4. Start small.
    A defined hour a week or every other week can be a good starting point if your company doesn't explicitly allow for professional development time.

Do defensive calendaring.

Schedule an appropriate block of time on your calendar to prevent meetings taking over it. If possible, book a room so you are away from your desk to minimize distractions and interruptions.

Actually do it.

Professional development time is only as useful as you make it.

I keep a list of articles, tutorials, and videos to choose from each week. When Wednesday afternoon comes around, I pick something from my list and do it. I also use this time to write blog posts (like this one!) and mentor other developers.

Protect your professional development time and treat it as the important meeting it is. Your career may depend upon it.

Cover photo from #WOCinTechChat

Discussion (5)

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simonhaisz profile image
simonhaisz

Great article Jenn! Sadly there are too many in management who don't see this as the no-brainer that it is.

If you are not successful as an individual to get buy-in/setup time for this, one approach is to take a lesson from unions and try to do it as a group.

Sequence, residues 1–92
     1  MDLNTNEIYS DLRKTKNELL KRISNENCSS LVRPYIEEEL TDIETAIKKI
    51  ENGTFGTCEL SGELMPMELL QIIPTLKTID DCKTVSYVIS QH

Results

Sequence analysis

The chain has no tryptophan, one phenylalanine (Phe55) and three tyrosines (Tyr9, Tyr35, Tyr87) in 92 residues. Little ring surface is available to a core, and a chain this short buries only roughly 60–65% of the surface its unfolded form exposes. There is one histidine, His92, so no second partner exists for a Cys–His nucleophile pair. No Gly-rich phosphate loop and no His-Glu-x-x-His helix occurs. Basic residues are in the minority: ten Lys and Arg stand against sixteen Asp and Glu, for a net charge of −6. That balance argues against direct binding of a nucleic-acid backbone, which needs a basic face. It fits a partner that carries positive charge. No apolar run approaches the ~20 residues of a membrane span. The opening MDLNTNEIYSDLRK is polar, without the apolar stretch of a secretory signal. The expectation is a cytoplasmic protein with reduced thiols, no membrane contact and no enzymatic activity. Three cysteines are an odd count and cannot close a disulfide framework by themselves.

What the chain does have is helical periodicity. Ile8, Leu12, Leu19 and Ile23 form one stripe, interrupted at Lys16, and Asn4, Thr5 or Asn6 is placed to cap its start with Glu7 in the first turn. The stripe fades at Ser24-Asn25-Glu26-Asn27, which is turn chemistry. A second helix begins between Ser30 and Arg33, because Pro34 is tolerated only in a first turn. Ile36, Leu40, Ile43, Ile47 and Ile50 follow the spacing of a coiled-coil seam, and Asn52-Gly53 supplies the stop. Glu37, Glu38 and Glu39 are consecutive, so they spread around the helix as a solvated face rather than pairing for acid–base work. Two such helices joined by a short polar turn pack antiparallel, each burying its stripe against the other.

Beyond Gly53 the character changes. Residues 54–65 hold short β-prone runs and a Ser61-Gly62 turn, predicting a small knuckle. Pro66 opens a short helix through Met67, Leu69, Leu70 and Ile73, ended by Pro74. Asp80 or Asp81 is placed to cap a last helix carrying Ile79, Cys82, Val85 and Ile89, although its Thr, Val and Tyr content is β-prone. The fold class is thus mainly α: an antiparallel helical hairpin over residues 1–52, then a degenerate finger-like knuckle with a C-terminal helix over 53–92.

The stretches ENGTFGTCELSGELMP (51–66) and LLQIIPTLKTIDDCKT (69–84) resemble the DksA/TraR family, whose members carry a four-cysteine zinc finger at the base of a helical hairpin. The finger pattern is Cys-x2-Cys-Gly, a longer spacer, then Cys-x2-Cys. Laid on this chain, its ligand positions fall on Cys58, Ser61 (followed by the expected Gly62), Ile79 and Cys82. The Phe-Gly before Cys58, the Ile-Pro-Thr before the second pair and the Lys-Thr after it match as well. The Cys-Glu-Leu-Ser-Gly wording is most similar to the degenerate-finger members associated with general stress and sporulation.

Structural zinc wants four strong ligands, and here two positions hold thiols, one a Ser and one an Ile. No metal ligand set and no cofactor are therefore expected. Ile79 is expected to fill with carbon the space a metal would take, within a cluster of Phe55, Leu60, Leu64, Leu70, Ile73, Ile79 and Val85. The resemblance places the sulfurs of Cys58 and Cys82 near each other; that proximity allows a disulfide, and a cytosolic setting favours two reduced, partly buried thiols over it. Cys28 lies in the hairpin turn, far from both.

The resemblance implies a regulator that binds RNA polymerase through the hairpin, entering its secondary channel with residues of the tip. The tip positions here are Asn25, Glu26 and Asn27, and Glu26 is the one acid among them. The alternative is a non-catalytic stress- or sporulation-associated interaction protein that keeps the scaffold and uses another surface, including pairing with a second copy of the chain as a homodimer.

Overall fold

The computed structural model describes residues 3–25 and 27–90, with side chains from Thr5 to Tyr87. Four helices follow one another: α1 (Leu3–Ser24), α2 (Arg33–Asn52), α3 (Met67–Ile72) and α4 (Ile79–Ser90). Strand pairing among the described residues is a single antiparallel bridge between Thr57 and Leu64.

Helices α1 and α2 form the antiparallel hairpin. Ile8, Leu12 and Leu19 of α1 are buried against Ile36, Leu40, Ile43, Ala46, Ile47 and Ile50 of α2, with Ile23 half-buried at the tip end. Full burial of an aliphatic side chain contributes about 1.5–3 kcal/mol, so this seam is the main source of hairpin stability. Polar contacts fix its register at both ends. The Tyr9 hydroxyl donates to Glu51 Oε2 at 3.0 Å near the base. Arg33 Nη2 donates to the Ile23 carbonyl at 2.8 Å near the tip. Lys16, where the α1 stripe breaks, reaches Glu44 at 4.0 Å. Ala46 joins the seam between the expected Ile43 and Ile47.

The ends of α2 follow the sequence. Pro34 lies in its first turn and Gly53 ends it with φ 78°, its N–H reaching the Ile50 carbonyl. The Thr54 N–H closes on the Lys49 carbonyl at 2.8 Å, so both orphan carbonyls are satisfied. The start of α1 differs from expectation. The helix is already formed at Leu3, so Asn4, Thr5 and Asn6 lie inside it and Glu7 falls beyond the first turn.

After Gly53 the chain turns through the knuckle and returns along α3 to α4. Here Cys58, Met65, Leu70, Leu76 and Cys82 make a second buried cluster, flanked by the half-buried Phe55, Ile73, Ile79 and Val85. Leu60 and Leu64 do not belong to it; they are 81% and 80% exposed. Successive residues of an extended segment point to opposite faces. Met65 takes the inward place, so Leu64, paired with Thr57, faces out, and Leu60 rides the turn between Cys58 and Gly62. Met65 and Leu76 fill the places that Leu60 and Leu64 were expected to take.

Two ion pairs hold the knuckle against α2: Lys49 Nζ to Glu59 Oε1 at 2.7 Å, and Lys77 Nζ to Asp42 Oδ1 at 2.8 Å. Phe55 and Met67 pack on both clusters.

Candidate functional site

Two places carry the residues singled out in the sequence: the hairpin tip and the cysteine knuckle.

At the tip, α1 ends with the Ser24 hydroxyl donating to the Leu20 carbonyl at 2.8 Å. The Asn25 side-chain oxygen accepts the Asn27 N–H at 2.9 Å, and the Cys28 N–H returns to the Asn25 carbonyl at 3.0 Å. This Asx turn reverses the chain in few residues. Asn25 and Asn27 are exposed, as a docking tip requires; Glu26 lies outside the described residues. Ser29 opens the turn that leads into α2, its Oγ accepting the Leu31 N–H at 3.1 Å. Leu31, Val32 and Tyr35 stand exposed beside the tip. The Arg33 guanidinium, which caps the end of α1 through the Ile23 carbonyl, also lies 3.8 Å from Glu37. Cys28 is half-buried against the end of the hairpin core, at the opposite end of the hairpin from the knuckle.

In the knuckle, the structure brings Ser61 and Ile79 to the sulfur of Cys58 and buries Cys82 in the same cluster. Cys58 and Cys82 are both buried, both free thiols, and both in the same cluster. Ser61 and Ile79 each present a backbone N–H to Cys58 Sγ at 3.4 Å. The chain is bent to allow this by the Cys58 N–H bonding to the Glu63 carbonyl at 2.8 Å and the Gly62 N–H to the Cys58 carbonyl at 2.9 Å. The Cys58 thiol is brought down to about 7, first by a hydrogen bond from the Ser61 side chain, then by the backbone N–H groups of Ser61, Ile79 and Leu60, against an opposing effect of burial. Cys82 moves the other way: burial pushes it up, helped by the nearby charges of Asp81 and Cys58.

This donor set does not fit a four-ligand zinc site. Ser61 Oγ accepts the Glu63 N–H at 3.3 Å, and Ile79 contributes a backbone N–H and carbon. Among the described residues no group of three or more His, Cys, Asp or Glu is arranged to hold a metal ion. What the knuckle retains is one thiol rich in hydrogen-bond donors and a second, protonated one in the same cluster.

If the whole team comes together and says they need time for this you might have a better chance of convincing management than doing it on your own. In the coordinated 'learn time' the team could each be learning the same thing, or different things - learning individually or in groups. People focusing on different areas could be used as a 'divide and conquer' strategy where afterwards people can document/report back to the team on what they learned so that more people can gain the benefit of their learning. Having to document/report is also a great motivator to actually do it and treat it seriously too 😁

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geekgalgroks profile image
Jenn Author

Thank you for bring up doing professional development in a group. I have been part of teams that have done that and it can be quite effective. The divide and conquer strategy is excellent and reporting back to the group can help with practicing public speaking!

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kyllian profile image
Kyllian Mobley

Awesome article. The only extra hurdle my management sees is that "professional development should be something the employee owns as part of their own initiative to grow their own career." They see it as my responsibility to use my own time to improve my performance at work.

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arafkarim profile image
Araf Karim

Awesome and helpful article.

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sandordargo profile image
Sandor Dargo

A really useful article, thank you.

I have a question though. What would you think if your doctor would give you a bill including charges for reading or going to conferences, etc?